It takes practice, self-awareness and wisdom to stay on the “change tightrope” and move things forward without resorting to tactics designed to keep you and everyone else comfortable.
Change is not comfortable and neither is delivering unwelcome news.
Several years ago, we spent the day on the lake with two sets of friends who had young children. One of the families brought along a puppy they were helping find a home. I smelled trouble early on, because the kids from the other family quickly fell in love with the puppy. As the day wore on, I started thinking that this puppy might have found his new home. Also, in the back of my mind, I was wondering “are they really going to take this puppy on their 7 hour drive home?”
The drama came to a head when we dropped the first family off. The big question was this: would the puppy go with the original family or stay on the boat to go home with his new favorite children? “Please Mom, please, can we keep him?” echoed over and over again.
That was when I witnessed the change tightrope in action more clearly than I ever had until that point. The mom gently looked at her kids and said “No.” All kinds of wailing and moaning and begging could be heard across the water. They were SO upset. I’m waiting for her to tell us to go back and get the puppy. (I would have gone back to get the puppy.)
She didn’t yell, tell them to shut up, capitulate or explain. She simply circled her arms calmly around both kids and let them cry it out on the short ride back to their boathouse. By the time we pulled up, the eyes were dry and the children moved on.
When I reflected on the incident, I realized that she helped those kids accept that they would not get what they wanted by deeply embodying her decision. She left no room for argument yet she still stayed connected to their pain. She was ok within herself with them not being happy. This is an incredibly difficult balancing act.
It’s so tempting to…
…explain – we don’t have enough room in the car
…or capitulate – ok, we can have the puppy
…or yell – are you crazy?, we don’t need a puppy
…or tell them to shut up – I don’t want to hear it
…or do any of the other actions we develop to avoid feeling uncomfortable.
This mom tolerated her discomfort to support the right decision and by doing so, ultimately helped the children accept that decision.
When we are under pressure to lead in situations where people are not doing to be happy, we need good strategies for managing our discomfort as well as theirs. Here are some tips I’ve found useful over the years:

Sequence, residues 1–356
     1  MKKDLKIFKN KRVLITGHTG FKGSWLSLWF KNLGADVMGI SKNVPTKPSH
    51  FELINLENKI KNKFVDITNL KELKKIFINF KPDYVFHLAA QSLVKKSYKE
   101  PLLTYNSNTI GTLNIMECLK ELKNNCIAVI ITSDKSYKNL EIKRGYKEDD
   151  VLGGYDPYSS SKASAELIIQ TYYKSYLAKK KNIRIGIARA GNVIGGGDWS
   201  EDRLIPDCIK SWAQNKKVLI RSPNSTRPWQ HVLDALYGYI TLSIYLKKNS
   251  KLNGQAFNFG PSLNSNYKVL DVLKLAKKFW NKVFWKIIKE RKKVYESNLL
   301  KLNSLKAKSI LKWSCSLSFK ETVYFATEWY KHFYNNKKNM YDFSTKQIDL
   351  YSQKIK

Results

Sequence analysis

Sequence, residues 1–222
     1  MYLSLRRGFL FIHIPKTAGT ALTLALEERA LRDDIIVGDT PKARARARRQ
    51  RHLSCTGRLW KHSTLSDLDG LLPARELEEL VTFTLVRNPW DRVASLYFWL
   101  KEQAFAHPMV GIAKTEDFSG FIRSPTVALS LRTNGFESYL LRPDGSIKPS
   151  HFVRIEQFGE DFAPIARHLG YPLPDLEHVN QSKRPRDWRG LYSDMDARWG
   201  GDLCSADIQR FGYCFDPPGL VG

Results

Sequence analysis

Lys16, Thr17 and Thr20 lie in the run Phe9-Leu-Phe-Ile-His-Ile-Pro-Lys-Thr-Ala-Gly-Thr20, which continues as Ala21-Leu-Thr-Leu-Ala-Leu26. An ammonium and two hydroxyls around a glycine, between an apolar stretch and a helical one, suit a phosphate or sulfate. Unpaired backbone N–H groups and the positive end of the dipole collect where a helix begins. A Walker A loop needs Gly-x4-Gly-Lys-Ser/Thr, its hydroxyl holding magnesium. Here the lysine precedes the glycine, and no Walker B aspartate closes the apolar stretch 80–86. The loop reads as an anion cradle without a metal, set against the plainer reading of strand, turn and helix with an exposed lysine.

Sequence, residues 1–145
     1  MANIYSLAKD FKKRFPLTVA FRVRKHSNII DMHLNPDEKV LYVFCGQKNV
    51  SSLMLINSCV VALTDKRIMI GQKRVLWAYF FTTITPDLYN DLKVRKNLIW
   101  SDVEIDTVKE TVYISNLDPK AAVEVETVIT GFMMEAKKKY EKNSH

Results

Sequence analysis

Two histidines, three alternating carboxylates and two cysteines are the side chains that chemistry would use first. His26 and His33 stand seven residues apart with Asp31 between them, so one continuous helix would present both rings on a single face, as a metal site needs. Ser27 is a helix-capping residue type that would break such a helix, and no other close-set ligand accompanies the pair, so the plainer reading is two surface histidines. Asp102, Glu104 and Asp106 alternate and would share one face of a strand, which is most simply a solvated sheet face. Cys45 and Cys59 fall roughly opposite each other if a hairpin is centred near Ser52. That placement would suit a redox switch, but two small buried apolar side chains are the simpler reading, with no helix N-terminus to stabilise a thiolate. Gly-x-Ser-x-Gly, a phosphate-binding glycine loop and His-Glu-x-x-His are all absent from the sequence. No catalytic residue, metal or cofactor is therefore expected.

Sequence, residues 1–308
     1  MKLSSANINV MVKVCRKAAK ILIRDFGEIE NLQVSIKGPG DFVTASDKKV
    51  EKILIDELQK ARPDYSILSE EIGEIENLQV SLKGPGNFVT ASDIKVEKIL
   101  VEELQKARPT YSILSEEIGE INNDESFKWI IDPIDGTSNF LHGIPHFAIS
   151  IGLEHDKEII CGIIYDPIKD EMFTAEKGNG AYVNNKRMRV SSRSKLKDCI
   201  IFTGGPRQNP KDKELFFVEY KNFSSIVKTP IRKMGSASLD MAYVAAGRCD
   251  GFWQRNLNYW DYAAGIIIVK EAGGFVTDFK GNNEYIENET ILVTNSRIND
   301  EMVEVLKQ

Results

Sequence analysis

What is your favorite strategy to avoid your own discomfort? (I go back and forth between placating and capitulating) How do you deal with delivering bad news? What practices do you have to keep your inner strength in place for moments like this? Where have you compromised relationships because it was easier to cut the other person off rather than tolerate the discomfort of disagreement? What conversations are you having right now that involve delivering bad news or have high stakes?
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By: Lynn Carnes
Recently, I’ve watched a couple of true-story movies that involved pivotal and historical moments where a key person had a chance to stand up in the face of dissent. In our corporate lives, we often deal with make-or-break decisions in the face of disagreement, conflict and even bullying. What I loved about both of these movies is how they brought us into the agony of making such a difficult decision in a crucial moment.
One moment ultimately led to the longest running news stories of 2010, involving oil gushing into the Gulf of Mexico from the Deepwater Horizon explosion and oil spill. The other cleared Captain Wesley Sullenberger of pilot error in ditching US Airways Flight 1549 in the Hudson River in 2009.
In the Deepwater Horizon story, the pivotal moment happens when a Transocean employee has to make a go/no go decision to complete the oil well in the face of extreme pressure by a BP engineer. The Transocean guy wants to better understand some conflicting data; the BP guy thinks he understands the anomalies and wants to complete the well asap. (We all know how well that turned out.)
These guys had a history and many other smaller decisions had already been made. Corners had been cut.
With 20/20 hindsight, we can now see the cascade of poor decisions, happening well before theDeepwater Horizon oil spill. However, the final call could have changed the outcome.